This past week or so I’ve done two things that I previously thought were impossible to do. Not impossible for everyone, of course, just impossible for me in my current situation.
After Easter I got into a training slump, and my endo acted up more than usual. Nothing abnormal in that, really, as it tends to do that when I’m stressed or worried, or both. And in this case I had my very first half-marathon on the 25th of April. Probably not a good idea to literally worry yourself so sick that you couldn’t actually do any training whatsoever in the three weeks leading up to the race, but at that point I had already talked myself down too much. I already believed it would be completely impossible to finish, and I felt constantly ill. That’s the downside to having an illness that worsens when you’re stressed – you can’t tell yourself that it’s just your imagination, because it isn’t.
Anyway, on Wednesday I had completely made up my mind not to participate. Aaand then I talked with a friend, and we talked about how I would get the T-shirt anyway, but it felt kind of like cheating to take the shirt and not run. End of story, I was at the starting line at 10.00 a.m. on Saturday the 25th of April, in the half marathon at Bergen City Marathon.
And I finished.
That utterly impossible thing wasn’t nearly as impossible as I had thought. Sure, it hurt, and sure, I walked quite a lot (particularly during the last third), and sure, it rained for the entire race, and sure, I felt more exhausted than I had been in ages, but you just can’t beat the feeling of doing something that you’ve been convinced was impossible. My time was 3.17.59, which I’m very pleased with, all things considered. My running buddy overachieved on her goal too (she ran in a bit more than two and a half hours and had aimed for less than three hours), so we’re both happy. I’ve already signed up for another half marathon in September – this time WITH proper preparation.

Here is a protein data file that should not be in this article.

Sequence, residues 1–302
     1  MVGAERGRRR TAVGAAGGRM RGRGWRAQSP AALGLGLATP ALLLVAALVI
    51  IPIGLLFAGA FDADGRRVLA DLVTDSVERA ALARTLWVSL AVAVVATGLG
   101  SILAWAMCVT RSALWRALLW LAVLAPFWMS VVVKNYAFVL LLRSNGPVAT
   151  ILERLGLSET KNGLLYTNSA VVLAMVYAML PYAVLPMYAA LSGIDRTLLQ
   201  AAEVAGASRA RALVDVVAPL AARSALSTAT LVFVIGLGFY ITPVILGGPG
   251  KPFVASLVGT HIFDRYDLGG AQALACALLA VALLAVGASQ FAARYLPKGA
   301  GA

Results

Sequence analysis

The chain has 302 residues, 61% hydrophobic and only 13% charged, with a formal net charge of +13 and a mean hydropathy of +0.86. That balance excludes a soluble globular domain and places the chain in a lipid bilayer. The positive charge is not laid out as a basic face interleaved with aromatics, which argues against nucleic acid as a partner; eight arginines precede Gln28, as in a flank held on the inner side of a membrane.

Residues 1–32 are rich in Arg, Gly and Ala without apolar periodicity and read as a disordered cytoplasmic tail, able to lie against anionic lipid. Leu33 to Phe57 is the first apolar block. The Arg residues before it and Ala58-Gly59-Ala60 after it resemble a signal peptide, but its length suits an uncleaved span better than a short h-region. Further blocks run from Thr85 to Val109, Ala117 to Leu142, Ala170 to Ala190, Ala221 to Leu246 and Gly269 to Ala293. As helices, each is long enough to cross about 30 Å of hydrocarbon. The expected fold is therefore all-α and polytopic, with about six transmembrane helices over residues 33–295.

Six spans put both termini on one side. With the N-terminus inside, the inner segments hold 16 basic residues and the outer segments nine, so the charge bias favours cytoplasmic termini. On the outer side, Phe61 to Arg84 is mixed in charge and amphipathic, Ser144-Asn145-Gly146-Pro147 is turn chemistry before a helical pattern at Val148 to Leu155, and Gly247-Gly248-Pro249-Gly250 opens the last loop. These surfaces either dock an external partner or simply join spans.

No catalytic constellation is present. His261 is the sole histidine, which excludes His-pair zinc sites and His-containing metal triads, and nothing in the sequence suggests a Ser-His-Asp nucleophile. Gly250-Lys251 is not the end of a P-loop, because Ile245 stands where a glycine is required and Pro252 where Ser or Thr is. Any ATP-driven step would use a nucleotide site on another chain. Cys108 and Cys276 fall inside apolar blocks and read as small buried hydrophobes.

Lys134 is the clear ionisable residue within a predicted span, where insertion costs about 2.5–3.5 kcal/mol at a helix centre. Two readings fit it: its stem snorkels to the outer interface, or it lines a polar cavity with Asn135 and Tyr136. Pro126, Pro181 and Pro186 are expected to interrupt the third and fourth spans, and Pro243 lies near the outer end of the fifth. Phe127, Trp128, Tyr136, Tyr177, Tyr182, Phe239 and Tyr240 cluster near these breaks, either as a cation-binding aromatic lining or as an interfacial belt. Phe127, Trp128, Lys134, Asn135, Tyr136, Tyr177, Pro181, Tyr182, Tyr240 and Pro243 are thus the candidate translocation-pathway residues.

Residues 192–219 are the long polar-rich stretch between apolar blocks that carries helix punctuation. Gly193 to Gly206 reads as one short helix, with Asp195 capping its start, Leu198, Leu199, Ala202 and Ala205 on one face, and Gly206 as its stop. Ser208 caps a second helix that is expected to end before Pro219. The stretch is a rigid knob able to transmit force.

The second impossible thing was a showcase my dancing group had last Saturday, for Dance Day where all or most dance groups held small showcases around the city centre. I hadn’t even managed to get to dance class, so I was utterly unprepared except for the week after the half marathon. I wasn’t exactly confident, and had originally told them I wouldn’t be able to dance. But somehow they convinced me otherwise, and it ended up going okay. I messed up my steps here and there, but I don’t think a lot of people noticed. It was a beautiful and sunny day, but unfortunately quite a bit too windy for dancing in not very warm costumes. I’ve ended up sick now, but it was worth it. It was good to be on stage again, not to mention that it was good to know that I didn’t back down for once, but went through with it and did it.
Afterwards I’ve been making plans for the future: How to achieve my goals without sabotaging myself, and without getting caught in the same pitfalls as every time before. But that’s a topic for another post!